The Chinese economy faces additional roadblocks to sustained growth in the form of a slowing manufacturing sector, according to new data from the HSBC Purchasing Managers Index.
The PMI reading for March measured just 48.1, compared to a 48.5 reading during February of this year. A PMI reading of less than 50 indicates that contraction – the decline of manufacturing output – is occurring, while a reading of more than 50 is evidence of manufacturing growth.
Although HSBC’s monitoring activity in China primarily records small and medium-sized business activity in the private sector, analysts believe it could indicate a long-term slowdown in China’s valuable manufacturing sector. Official PMI data from the Chinese government will be released towards the end of the month.
China has recently taken steps to improve its economic growth in the face of falling manufacturing figures. The Chinese government hopes to increase domestic sales and encourage consumers to spend more. The country, which has previously been very dependent on exports, “needs to develop its own consumption economy.”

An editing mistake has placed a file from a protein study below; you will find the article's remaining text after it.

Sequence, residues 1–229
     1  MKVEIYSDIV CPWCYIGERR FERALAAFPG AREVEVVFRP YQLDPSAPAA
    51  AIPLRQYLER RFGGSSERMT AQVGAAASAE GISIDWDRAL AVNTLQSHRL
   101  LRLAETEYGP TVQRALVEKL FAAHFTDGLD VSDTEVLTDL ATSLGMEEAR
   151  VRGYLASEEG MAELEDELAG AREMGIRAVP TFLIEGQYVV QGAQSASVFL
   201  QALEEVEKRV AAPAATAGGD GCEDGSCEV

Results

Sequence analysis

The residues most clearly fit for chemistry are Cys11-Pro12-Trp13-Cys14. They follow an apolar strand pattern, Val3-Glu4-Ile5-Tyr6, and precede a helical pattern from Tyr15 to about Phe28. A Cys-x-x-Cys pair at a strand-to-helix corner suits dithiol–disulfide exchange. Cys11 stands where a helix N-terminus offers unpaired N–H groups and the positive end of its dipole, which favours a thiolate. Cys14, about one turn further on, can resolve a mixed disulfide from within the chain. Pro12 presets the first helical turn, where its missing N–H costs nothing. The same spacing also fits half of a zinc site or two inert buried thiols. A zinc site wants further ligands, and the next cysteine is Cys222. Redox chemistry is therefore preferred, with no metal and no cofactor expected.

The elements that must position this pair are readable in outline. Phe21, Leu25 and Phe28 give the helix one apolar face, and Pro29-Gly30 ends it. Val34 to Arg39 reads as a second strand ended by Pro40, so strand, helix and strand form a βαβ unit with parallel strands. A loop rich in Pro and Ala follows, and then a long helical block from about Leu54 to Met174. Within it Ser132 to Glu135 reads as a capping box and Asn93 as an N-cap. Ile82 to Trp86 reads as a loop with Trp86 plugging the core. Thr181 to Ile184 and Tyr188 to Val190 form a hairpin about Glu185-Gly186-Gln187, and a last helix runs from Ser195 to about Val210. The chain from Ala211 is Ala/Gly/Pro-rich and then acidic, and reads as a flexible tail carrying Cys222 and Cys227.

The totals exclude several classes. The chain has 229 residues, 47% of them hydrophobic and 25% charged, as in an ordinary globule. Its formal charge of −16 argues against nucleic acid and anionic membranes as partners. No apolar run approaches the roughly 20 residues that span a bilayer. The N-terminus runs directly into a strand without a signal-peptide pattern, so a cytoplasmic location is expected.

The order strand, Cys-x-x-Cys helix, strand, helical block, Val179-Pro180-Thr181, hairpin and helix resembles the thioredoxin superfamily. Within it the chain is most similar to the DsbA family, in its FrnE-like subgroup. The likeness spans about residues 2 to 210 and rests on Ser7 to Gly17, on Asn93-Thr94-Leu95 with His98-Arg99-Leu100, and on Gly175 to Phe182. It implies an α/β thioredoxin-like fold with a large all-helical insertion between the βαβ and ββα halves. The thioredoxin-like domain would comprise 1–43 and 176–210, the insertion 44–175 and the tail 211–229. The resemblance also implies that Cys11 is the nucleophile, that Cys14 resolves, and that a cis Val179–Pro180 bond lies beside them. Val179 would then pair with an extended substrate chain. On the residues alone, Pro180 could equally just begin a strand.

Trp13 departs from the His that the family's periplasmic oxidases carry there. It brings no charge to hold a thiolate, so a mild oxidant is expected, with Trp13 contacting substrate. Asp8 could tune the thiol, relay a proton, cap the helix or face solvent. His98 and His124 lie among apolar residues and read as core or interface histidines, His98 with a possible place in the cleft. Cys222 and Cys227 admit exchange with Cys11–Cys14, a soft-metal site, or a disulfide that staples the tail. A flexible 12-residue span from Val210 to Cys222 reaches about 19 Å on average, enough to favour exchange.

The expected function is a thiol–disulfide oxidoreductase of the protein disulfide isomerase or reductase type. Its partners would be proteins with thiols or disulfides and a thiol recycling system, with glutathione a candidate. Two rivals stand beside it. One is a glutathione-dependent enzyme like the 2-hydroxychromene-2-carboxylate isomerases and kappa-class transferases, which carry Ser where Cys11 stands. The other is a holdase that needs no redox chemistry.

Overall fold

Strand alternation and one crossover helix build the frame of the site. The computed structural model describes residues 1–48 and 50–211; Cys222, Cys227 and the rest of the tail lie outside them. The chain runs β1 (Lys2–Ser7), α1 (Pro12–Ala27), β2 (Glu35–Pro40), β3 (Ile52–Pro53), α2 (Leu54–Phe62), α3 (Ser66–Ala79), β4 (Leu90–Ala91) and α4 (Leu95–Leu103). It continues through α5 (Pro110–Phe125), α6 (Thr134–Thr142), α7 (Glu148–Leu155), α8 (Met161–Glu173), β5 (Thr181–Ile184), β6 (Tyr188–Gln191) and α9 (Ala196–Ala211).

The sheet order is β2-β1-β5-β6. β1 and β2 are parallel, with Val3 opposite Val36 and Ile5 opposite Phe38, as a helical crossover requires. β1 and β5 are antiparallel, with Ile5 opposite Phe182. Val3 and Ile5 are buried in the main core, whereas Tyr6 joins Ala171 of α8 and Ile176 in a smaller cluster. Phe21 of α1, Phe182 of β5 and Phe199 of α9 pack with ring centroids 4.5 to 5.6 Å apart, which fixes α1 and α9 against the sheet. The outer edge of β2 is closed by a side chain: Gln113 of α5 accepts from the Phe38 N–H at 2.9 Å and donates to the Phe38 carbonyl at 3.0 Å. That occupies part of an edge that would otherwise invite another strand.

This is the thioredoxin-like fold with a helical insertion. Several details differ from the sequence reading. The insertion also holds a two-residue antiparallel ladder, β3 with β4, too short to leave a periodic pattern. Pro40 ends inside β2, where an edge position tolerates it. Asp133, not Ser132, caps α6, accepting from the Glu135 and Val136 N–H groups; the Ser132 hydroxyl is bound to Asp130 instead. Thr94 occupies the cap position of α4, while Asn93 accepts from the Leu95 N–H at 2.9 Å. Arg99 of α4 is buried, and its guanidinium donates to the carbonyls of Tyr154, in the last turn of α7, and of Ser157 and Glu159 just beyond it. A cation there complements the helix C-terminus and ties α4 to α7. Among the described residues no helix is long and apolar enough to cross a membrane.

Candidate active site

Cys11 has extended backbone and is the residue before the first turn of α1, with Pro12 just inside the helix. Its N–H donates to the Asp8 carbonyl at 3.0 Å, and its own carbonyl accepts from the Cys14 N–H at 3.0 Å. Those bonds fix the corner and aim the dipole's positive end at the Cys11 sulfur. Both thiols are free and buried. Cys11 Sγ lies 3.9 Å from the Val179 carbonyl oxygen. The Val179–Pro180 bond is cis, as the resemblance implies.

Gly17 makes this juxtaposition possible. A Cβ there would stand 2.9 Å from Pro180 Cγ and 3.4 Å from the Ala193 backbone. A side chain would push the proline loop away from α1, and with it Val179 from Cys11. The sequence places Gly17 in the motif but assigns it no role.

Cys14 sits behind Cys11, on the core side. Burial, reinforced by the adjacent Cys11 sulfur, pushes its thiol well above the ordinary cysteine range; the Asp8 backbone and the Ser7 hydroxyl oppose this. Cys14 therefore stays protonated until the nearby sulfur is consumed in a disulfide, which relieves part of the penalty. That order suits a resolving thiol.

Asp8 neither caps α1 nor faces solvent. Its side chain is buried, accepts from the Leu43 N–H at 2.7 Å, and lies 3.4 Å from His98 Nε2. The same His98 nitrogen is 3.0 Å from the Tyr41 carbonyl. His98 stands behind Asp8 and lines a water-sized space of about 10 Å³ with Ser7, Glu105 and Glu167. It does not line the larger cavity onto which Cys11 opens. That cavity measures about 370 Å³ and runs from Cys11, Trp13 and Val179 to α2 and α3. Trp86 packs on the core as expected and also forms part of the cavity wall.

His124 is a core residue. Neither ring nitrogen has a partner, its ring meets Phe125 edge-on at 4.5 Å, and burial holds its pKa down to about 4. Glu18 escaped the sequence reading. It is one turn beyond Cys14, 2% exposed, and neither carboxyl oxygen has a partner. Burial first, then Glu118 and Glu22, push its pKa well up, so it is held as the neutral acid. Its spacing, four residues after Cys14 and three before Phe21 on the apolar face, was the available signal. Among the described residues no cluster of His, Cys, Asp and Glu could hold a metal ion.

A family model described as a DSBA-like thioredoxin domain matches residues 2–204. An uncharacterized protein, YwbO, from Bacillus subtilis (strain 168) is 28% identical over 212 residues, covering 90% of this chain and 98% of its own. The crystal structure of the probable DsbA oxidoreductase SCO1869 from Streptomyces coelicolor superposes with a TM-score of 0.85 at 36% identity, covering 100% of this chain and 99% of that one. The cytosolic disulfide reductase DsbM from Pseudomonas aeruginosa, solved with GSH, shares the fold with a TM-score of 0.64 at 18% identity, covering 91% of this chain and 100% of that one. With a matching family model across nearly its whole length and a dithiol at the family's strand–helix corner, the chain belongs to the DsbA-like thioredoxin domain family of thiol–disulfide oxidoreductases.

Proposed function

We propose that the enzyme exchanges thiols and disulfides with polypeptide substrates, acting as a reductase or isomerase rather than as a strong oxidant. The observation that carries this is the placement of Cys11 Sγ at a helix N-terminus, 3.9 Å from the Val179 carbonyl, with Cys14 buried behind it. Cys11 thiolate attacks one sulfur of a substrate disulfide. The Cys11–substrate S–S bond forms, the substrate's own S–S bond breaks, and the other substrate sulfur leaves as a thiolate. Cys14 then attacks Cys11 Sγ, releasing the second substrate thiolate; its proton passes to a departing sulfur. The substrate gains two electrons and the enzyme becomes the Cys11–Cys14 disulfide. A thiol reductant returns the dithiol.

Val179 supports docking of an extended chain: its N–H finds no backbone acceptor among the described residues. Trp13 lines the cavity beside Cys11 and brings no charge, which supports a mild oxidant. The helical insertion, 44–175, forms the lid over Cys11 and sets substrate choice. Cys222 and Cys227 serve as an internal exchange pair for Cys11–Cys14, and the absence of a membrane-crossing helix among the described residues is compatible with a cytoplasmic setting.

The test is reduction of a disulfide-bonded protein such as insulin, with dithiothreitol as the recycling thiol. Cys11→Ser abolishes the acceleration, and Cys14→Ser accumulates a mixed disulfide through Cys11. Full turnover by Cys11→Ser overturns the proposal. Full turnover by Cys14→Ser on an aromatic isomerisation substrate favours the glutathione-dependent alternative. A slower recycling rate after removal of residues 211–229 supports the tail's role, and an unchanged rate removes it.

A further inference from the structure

While China’s official Purchasing Managers Index reading of 50.2 still indicates that growth is occurring, it is an eight-month low for a historically robust and massively growth-focused economy. Total Chinese exports dropped 18 per cent in the last 12 months, resulting in a £23 billion trade deficit during February of 2014 alone.
Economists believe that China may fail to achieve its ambitious 7.5 per cent growth targets for 2014, which were set by Premier Li Keqiang at the government’s annual National People’s Congress at the beginning of March. Keqiang noted that there was some “flexibility” regarding the country’s economic goals for 2014.
China’s main priority remains jobs, and its commitment to growth is focused around the development of an internal consumption economy. Economists are awaiting the results of China’s official PMI survey for March, which tracks the output of larger, state-owned manufacturing companies.